21 August 2007
How one-in-ten becomes one-in-three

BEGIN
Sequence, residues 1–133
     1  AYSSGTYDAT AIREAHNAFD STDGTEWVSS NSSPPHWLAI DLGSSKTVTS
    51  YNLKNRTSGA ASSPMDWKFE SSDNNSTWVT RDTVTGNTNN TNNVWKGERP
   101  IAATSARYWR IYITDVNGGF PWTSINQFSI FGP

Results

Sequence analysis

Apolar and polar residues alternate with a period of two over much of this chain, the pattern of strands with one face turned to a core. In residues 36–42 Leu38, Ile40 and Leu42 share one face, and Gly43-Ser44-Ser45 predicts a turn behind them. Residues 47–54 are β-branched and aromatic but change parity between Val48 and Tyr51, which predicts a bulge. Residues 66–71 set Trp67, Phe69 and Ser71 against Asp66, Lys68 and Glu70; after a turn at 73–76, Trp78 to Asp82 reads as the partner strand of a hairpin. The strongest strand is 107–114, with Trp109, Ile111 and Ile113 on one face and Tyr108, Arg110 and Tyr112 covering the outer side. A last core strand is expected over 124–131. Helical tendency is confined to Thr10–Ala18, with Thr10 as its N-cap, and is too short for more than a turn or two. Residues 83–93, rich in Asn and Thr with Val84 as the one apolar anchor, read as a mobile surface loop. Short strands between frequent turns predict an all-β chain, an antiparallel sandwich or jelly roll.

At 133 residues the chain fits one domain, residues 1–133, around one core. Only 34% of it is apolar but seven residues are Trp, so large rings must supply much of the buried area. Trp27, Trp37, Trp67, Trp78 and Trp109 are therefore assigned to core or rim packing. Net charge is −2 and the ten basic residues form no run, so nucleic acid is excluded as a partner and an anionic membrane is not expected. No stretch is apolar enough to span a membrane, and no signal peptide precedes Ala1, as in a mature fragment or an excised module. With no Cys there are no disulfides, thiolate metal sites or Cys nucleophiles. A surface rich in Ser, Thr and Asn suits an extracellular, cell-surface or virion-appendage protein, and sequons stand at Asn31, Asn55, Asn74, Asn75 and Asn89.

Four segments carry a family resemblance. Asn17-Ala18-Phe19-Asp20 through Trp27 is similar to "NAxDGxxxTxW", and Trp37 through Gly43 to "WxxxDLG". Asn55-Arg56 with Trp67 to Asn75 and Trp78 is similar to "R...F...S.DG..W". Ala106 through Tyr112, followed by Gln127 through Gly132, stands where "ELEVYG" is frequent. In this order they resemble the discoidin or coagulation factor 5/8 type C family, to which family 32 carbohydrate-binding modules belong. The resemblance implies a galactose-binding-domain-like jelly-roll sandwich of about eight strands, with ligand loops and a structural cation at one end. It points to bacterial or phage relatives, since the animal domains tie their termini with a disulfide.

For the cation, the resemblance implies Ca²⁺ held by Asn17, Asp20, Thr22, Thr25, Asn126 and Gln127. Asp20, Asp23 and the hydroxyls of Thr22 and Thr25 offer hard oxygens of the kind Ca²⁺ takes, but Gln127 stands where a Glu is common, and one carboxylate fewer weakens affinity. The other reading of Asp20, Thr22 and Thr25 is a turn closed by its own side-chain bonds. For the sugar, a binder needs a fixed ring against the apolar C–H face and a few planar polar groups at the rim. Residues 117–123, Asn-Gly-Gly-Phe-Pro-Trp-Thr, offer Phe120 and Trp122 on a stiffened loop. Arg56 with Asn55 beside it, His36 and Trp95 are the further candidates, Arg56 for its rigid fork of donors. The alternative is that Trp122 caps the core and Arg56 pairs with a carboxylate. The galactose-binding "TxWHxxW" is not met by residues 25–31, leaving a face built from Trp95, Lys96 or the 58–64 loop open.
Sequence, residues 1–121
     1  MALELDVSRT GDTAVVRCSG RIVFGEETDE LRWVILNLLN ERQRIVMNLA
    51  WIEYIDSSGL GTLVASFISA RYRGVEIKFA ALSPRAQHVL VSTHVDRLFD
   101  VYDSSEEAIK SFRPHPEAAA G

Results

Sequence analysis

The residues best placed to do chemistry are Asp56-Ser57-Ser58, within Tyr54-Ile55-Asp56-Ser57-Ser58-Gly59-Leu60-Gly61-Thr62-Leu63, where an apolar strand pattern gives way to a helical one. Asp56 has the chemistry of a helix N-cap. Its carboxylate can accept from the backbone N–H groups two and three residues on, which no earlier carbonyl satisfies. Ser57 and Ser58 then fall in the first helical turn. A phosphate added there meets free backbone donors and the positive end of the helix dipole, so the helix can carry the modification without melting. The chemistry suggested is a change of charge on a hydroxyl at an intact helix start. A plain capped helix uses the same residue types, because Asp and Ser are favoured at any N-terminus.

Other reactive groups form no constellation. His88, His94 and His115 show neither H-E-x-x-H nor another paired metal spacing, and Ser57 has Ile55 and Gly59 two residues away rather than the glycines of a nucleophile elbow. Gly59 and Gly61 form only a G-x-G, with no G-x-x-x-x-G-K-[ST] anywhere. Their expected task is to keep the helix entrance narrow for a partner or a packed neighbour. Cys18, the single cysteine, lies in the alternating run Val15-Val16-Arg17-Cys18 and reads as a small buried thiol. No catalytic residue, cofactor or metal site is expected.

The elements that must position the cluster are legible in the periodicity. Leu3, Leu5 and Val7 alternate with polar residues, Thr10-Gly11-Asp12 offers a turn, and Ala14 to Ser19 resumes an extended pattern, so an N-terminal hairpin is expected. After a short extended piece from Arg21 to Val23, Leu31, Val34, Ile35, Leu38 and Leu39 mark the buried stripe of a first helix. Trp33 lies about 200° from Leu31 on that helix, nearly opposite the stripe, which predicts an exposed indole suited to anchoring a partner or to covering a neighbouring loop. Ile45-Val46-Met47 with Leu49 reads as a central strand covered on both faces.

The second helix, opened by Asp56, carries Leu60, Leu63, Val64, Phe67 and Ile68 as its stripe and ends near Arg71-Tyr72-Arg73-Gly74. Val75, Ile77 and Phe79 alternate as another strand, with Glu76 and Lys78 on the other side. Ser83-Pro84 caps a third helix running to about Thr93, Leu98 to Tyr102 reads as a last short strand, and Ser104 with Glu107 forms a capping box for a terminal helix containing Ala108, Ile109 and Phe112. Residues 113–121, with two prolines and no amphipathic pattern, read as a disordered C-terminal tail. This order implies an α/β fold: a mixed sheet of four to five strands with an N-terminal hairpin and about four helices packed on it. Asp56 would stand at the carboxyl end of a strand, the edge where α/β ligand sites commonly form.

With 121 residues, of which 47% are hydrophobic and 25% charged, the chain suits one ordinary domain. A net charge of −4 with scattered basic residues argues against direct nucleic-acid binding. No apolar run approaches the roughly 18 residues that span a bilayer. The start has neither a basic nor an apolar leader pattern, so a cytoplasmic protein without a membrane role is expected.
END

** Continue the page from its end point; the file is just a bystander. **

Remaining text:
After ten years as a software developer, I can go on at length about the benefits of cross-platform development & why--in many cases--they far exceed the costs. I'll try to limit myself to one product & one point for the moment, though. Wizards of the Coast is developing a virtual game table to make it easy for a geographically diverse group to play role-playing games via their computers & the internet. So, for instance, a group who played D&D together in college could play again despite being spread all over the country or world since graduation. This isn't a new idea. People have been doing it ad hoc with general purpose chat & other software. There has been software--both proprietary & free--specialized to this task as well. It looks like Wizards is making a good effort towards taking it to the next level, though. While the virtual game table will certainly work well with D&D 4th edition, they've said that you'll be able to play other games with it as well, since it's really just tools, not a game itself. Let's assume that the average potential virtual game table group is five people. (Four players & one DM.) Let's assume that 10% of potential customers don't use Microsoft Windows. Then the odds that at least one person in a group doesn't use Windows is a bit over 34%. (Oops. My original calculation was based on four people per group. Five people per group raises it to nearly 41%.) The point is not the exact numbers. The point is that when your software product is targeted at groups instead of individuals, the benefits of cross-platform development are multiplied.